After Maryknoll, I left the familiarity of downtown to attend Mayfield, an all-girl, Catholic high school located in an affluent part of Pasadena (a suburb of Los Angeles). Mayfield was composed of dramatically different demographics, predominantly upper income and Caucasian. Coming from a commuter background, with a mother who worked full-time, was a native Angelena, and exposed me to many different parts of Los Angeles, I was surprised to learn that very few Mayfield students had ever ventured outside of Pasadena and its neighboring suburban communities.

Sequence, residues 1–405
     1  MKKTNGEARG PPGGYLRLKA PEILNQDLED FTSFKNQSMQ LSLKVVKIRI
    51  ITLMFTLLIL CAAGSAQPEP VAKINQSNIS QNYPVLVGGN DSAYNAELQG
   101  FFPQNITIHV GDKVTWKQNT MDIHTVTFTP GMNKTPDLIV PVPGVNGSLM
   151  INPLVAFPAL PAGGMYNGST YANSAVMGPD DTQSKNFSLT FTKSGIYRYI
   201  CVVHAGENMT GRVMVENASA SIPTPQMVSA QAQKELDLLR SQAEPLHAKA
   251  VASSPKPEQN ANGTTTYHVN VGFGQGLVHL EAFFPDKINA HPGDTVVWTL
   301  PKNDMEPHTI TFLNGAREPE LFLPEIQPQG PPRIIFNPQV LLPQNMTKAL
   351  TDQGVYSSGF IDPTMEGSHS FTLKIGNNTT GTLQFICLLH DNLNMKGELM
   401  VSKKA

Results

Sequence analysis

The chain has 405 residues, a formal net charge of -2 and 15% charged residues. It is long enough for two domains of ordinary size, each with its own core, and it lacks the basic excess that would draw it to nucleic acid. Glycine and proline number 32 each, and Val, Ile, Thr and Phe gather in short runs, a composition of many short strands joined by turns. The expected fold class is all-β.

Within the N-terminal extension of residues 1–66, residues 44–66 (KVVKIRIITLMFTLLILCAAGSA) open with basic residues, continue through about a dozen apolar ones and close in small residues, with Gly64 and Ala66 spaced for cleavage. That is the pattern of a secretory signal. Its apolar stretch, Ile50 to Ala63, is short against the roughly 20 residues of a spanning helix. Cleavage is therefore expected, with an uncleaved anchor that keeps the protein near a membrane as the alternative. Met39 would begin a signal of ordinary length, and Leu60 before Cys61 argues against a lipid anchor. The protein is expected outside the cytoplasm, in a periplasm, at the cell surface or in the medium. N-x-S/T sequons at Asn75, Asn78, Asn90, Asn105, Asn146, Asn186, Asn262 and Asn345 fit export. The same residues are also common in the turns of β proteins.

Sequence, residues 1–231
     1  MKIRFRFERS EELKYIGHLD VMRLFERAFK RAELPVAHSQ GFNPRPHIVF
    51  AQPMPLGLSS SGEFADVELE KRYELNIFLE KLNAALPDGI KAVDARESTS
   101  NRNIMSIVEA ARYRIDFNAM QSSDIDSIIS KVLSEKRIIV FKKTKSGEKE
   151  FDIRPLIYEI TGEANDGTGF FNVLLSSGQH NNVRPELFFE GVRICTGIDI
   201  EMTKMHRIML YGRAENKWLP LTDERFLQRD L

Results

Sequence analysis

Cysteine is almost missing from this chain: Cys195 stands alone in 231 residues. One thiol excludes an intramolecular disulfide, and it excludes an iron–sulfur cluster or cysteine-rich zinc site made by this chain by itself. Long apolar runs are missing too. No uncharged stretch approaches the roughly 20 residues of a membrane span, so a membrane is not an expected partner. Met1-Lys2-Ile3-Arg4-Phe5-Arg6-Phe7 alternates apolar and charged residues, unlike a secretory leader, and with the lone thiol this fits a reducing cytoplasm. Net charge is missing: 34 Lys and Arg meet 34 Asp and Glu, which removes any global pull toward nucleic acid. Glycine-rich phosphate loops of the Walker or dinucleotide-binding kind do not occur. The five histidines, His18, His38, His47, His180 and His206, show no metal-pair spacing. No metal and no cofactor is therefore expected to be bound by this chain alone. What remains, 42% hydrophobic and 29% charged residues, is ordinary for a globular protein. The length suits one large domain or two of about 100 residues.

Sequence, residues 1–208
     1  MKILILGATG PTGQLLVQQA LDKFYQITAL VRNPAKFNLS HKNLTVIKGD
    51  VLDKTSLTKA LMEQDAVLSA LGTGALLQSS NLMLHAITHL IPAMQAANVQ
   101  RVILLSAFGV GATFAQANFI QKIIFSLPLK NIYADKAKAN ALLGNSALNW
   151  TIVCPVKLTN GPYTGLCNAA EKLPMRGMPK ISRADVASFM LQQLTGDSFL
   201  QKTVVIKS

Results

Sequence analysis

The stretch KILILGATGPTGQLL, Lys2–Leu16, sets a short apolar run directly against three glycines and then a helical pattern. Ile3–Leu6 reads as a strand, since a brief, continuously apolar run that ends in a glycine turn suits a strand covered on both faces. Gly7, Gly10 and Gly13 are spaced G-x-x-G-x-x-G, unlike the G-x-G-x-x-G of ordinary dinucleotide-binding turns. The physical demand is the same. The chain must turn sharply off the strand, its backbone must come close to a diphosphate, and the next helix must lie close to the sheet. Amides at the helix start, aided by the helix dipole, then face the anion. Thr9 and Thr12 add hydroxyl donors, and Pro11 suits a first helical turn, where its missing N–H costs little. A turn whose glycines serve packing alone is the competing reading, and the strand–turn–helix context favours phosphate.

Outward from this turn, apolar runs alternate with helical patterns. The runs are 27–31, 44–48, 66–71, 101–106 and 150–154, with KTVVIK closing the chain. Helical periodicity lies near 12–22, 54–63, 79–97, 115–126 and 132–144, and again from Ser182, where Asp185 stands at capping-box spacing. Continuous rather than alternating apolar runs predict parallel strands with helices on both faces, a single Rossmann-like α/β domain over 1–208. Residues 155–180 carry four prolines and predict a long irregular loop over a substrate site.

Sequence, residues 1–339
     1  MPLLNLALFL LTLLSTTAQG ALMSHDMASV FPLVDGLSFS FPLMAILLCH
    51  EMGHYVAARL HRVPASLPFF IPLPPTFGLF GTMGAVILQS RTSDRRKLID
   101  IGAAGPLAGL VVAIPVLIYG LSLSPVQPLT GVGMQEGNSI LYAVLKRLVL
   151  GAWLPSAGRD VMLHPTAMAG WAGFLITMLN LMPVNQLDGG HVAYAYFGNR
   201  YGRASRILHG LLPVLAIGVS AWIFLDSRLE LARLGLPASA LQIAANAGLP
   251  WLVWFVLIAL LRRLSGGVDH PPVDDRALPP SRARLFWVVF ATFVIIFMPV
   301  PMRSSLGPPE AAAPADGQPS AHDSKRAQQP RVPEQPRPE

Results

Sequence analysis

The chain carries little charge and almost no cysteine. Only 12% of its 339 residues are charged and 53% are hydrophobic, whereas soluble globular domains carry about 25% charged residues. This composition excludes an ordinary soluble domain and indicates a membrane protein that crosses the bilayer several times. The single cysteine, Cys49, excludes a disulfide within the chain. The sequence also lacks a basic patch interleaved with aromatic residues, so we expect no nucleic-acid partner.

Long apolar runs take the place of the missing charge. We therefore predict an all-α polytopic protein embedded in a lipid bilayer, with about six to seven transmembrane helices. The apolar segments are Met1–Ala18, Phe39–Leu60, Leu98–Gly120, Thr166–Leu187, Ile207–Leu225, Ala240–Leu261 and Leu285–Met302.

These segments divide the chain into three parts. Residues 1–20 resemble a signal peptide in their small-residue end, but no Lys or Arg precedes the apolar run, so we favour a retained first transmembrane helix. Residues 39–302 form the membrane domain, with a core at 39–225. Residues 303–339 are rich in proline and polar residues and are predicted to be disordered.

Despite this initial culture shock, I eventually made friends with some girls who had similar tastes in humor and music. But unfortunately, all was not good—my identity was challenged on multiple occasions—not by white classmates, but by my Asian peers. Perhaps in reaction to the dearth of ethnic diversity at the school, nearly all of the Asian students belonged to tightly-knit Asian cliques. Although I was accustomed to hanging around other Asians, I felt totally disconnected from those at Mayfield. I attempted to participate in the Pacific Asian Club only to be met with cold stares and ignored during its off-campus outings. This was the first time that I remember my Asian-ness being questioned so blatantly, and as an introverted and awkward freshman, this rejection really hurt. I actively swore off participation in ethnic activities until a friend of mine became president of the club in our senior year. (I did not participate in the Black Student Union during high school because I was already friends with its three members—that’s how small the African American population was!)